Let’s start off with some good software recommends:
Like some, I’m a bit more concerned with my privacy than it is healthy, both on and off the net, in electronic forms and otherwise. In the electronic world, I do my best to use decent passwords, common sense, and at the file level, three free tools, based on their use cases:
- TrueCrypt: best when it is useful or necessary to encrypt huge slabs of data, such as a file/folder hierarchy, a whole disk or partition, or a significant portion of a flash drive.
- Pros: A highly scrutinized bit of software, and thus less likely to break its promise of security. Once an encrypted volume is mounted, it behaves just like a separate disk. Cross-platform. Can be run portably.
- Cons: Complicated. A bit clumsy to use, even with knowledge of the command line switches and shortcuts. Portable use requires administrative rights. Encryption containers are basically unresizable, meaning you’ll need to over-estimate the container size, and live with it.
- AxCrypt: good for encrypting individual or small groups of files seamlessly with Windows.
- Pros: Supports near-invisible integration with Windows for painless use: once a file is encrypted, you can open, modify, and save it like any other file, prompted with a password at appropriate times. Small and tight, the install package is less than two megabytes.
- Cons: requires installation, so rather limited in portable use. Doesn’t recurse subdirectories. No apparent cross-platform support.
- dsCrypt: also good for encrypting individual or small groups of files, and has the added benefit of being portable and install-free.
- Pros: Doesn’t require installation or administration rights. It’s incredibly tiny and fast, and sports an easy drag-n-drop usage. One tiny executable does it all.
- Cons: Doesn’t integrate with the OS, though this is a plus for its use case as a portable app. Encrypted files require the parent app decryption, whereas AxCrypt can create self-decrypting executables. Doesn’t recurse directories, and can only be operated by drag-n-drop, though this can arguably be part of its built-in anti-brute-force features. Not cross-platform, but its standalone nature should make it easy to use in Wine or similar.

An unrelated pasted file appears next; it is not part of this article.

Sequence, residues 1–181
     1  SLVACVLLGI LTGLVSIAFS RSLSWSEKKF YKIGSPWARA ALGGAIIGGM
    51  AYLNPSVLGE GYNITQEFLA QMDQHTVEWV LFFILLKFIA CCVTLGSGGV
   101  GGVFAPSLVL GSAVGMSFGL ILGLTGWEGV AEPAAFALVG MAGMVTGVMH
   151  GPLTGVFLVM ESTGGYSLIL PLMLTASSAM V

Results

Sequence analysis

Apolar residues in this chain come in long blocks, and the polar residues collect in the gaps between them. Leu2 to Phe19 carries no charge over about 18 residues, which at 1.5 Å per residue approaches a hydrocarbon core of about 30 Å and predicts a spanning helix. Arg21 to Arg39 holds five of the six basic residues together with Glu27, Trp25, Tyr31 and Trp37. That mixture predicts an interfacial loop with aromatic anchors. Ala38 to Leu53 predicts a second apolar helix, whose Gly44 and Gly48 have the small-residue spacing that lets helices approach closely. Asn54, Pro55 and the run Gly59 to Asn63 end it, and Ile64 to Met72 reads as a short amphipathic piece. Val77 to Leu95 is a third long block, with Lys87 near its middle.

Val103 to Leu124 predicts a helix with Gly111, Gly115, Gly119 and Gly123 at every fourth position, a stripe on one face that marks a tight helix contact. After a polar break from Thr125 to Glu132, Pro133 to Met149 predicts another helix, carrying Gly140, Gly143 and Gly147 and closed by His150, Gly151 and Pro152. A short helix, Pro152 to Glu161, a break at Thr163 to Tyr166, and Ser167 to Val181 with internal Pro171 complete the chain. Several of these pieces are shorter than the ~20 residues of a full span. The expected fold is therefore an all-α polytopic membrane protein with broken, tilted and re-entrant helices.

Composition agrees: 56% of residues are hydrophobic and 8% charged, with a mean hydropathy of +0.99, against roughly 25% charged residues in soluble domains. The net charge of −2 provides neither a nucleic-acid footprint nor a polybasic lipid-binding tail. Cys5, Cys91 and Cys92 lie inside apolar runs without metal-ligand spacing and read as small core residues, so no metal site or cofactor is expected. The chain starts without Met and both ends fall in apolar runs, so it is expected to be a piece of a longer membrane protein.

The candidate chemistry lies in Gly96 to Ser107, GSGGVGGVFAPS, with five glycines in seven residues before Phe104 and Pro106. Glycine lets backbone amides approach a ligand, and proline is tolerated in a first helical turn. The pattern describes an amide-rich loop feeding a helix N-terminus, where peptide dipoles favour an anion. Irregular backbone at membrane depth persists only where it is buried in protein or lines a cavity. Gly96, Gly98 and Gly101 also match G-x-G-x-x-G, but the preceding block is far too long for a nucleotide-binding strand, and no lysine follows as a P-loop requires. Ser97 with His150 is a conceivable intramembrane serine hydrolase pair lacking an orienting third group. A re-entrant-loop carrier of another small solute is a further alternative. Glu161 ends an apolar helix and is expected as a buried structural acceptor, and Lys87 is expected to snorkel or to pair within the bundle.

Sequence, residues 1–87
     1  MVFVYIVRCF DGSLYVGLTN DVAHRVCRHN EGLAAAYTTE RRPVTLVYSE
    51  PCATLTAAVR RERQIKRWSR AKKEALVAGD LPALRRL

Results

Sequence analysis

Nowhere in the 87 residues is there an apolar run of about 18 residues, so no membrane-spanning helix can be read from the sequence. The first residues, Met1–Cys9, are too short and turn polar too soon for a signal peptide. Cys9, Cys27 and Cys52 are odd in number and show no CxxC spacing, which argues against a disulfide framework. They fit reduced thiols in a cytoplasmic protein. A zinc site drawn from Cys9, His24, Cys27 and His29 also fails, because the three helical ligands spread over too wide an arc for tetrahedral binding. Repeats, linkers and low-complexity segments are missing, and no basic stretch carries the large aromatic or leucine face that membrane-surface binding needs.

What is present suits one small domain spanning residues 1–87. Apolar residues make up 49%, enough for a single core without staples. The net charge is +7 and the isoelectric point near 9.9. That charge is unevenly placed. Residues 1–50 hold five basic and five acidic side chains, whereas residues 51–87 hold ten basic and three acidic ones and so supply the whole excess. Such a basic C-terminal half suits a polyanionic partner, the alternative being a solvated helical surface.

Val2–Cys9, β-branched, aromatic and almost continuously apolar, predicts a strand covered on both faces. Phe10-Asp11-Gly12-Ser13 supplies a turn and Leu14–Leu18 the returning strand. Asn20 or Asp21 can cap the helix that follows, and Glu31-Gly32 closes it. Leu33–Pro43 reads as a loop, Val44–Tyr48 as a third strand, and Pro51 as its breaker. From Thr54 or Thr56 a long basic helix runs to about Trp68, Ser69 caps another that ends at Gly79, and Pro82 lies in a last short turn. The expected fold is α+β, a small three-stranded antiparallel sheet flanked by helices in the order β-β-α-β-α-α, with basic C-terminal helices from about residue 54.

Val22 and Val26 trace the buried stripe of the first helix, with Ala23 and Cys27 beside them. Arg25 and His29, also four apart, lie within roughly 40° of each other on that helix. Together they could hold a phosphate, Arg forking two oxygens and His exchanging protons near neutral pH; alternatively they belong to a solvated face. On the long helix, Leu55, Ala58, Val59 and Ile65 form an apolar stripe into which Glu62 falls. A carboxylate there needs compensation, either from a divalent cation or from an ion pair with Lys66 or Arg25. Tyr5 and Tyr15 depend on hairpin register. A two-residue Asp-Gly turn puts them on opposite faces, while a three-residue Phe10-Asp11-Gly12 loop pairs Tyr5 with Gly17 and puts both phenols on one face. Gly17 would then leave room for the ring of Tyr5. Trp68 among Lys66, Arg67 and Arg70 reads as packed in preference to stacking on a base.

- fsekrit: an encrypted notepad replacement, for private notes or password storage. I’m not aware that it’s been designed with anti-brute-force measures in mind, so use long passwords with it. Continue reading
A few weeks ago, I was listening to a RadioLab podcast, and among the segments was a somewhat eccentric scientist who had a cabinet that he was slowly filling with every element on the periodic chart. The very idea is wonderful, whether you’re a chemist or not, and for someone like me, who never took chemistry (even in high school) it has a certain appeal. It’s a learning project, to be sure.
The idea is obvious enough for me not to trust myself to think it’s original, but why not take an old Scrabble set, and make a crafty little table of periodic elements myself? Hang it on the wall, look at it smugly, etc. Continue reading
Medieval city and siege simulator Stronghold has arrived on DRM-free game service Good Old Games (GOG). It is an old game, and it is pretty good. However, rather than evaluate the game as a game, I’m going to take a look at it in a very specific techincal sense: how well it suits play on a low-level netbook.
Stronghold is a decent enough RTS with good character, low system requirements, and doesn’t require too much micromanagement, though it won’t change your life or addict you for hours on end (which can be seen as a good thing). It’s six bucks American, and yours forever. I’ve also found that it’s a good game to take on the go, especially if you’re an owner of the diminutive Asus EEE 701 series. Continue reading